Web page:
American Oracle: The Civil War in the Civil Rights Era by David W. Blight. Belknap Press of Harvard University, 2011. Cloth, ISBN: 0674048555. $27.95.
David Blight’s Race and Reunion (2001) established him as one of the foremost scholars of Civil War memory. In that volume, Blight argued that in the decades after the Civil War, Americans debated how the Civil War ought to be remembered, with the “reconciliationist” and Lost Cause narratives triumphant over “emancipationist” narratives favored by Frederick Douglass and other African Americans. Blight ended Race and Reunion with the celebration commemorating the fiftieth anniversary of the Battle of Gettysburg in 1913, where former Union and Confederate soldiers embraced, an event presided over by newly elected President Woodrow Wilson, the first southerner elected since the Civil War.
In a sense, Blight’s new book, American Oracle: The Civil War in the Civil Rights Era, is a continuation of the work he began in Race and Reunion. Readers expecting a tome rivaling the size and scope of its predecessor will be surprised. Rather than chronicle the myriad ways in which the Civil War Centennial intersected with the Civil Right Movement, Blight provides much more intimate portraits of four authors who wrestled with the legacy of the Civil War at the height of the Civil Rights Movement. To be sure, Blight’s prologue paints a vivid portrait of how the Civil War remained a cultural touchtone during the struggle for racial equality, beginning his text with Martin Luther King, Jr.’s “I Have a Dream” speech on the steps of a monument dedicated to the Great Emancipator and the racism present in most of the Civil War Centennial celebrations. However, for most of the book, Blight’s focus remains firmly fixed on his four subjects: Robert Penn Warren, Bruce Catton, Edmund Wilson, and James Baldwin.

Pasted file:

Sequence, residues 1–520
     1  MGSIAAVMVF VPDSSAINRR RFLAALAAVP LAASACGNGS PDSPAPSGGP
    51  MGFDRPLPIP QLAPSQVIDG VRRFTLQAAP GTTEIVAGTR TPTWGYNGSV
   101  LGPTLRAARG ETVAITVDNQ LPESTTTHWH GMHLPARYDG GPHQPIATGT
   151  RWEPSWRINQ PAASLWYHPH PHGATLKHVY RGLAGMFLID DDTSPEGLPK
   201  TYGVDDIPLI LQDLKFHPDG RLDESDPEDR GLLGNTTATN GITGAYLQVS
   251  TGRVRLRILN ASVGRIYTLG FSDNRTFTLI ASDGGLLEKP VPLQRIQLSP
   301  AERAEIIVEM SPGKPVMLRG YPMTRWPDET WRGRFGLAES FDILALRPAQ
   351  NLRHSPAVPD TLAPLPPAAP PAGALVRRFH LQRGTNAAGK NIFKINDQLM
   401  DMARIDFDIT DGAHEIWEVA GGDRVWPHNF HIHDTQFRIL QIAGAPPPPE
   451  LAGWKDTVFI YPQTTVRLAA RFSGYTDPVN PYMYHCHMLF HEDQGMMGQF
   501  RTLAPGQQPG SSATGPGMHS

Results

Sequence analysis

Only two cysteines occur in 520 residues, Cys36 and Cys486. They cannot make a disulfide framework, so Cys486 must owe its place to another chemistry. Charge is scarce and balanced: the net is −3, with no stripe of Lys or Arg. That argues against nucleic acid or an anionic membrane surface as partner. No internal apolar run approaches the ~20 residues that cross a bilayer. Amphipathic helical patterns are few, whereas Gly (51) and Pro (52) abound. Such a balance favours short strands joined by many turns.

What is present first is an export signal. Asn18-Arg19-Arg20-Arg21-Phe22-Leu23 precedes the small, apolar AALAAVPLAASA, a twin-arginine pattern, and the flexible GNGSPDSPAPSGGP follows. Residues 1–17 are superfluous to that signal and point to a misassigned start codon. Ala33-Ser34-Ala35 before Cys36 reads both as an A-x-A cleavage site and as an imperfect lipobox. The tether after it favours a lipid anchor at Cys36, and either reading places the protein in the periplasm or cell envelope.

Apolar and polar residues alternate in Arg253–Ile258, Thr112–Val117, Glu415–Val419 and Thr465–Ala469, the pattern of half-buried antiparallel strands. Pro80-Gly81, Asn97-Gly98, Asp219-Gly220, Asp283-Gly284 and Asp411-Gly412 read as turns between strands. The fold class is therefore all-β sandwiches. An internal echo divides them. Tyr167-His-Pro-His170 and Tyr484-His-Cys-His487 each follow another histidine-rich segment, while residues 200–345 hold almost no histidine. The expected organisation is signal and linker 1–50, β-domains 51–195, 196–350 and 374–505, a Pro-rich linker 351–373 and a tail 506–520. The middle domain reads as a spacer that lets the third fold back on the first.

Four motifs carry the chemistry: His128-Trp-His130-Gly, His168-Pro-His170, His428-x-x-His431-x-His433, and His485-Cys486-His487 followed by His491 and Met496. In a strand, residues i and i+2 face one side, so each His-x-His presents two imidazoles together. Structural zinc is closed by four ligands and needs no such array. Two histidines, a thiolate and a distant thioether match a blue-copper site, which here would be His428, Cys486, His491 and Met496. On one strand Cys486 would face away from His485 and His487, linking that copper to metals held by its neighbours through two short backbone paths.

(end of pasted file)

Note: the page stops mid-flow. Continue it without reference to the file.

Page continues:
Blight treats each of the four authors in a separate chapter. Robert Penn Warren appears as a southern racist, imbued with a tragic sense of the past and its impact on the present. The Civil War manifested itself in several of Warren’s novels and essays, but his vision of the Civil War emerges most clearly in The Legacy of the Civil War (1961), in which he proclaims that the war was “the great single event of our history … our only felt history” (61). Like Warren, the popular historian Bruce Catton soaked up the felt history of the war during his childhood. His best-selling Civil War histories, whose lively prose Blight clearly admires, presented the conflict as a dramatic epic, traumatic and tragic, but somehow beautiful. The patrician Edmund Wilson’s Patriotic Gore (1962) chronicled a largely forgotten cadre of Civil War authors. Reflecting Wilson’s experience in World War I and his opposition to American involvement in World War II, Patriotic Gore presented a distinctly anti-war cast on the literature of the period.
Blight notes that the African American experience remained noticeably absent from the Civil War writings of Warren, Catton, and Wilson. Catton, for instance, rarely included African Americans, essentially ignoring Frederick Douglass, and described slavery as “comparatively benign” (113). Similarly, Wilson also ignored Douglass and every other African American author (save a brief treatment of Charlotte Forten) in more than 800 pages of Patriotic Gore, though he did find room for an extended analysis of Confederate Vice President Alexander Stephens’ defense of slavery. Each in their own ways, Warren, Catton, and Wilson embraced a version of the reconciliationist version of Civil War memory.
The most challenging and frustrating chapter in American Oracle is Blight’s final chapter on James Baldwin. Black, gay, and a generation younger than Warren, Catton, and Wilson, James Baldwin was probably the most visible black literary intellectual of the Civil Rights era. Simultaneously eloquent and vociferous, his writings during the 1950s and 1960s forced white Americans to confront the legacy of racism. Unlike the other subjects treated by Blight, however, Baldwin never wrote extensively about the Civil War. While the broad swath of African American history permeates Baldwin’s essays and novels, Baldwin never focused his attention directly on the Civil War or emancipation.
As always, Blight’s prose is insightful, lucid, and compelling, presenting an intellectual and literary biography of four significant commentators on the Civil War and its legacy. One wonders, however, if, like Edmund Wilson, Blight might have chosen to write a more encyclopedic assessment of literature of the Civil War centennial, including such authors as Shelby Foote, William Faulkner, or Ralph Ellison (who appears briefly in the epilogue), or even academic historians such as John Hope Franklin. Nevertheless, American Oracle elegantly demonstrates how the Civil War’s reverberations manifested themselves in four of America’s most prominent authors.
David Silkenat is an Assistant Professor of History at North Dakota State University and the author of Moments of Despair: Suicide, Divorce, and Debt in Civil War Era North Carolina.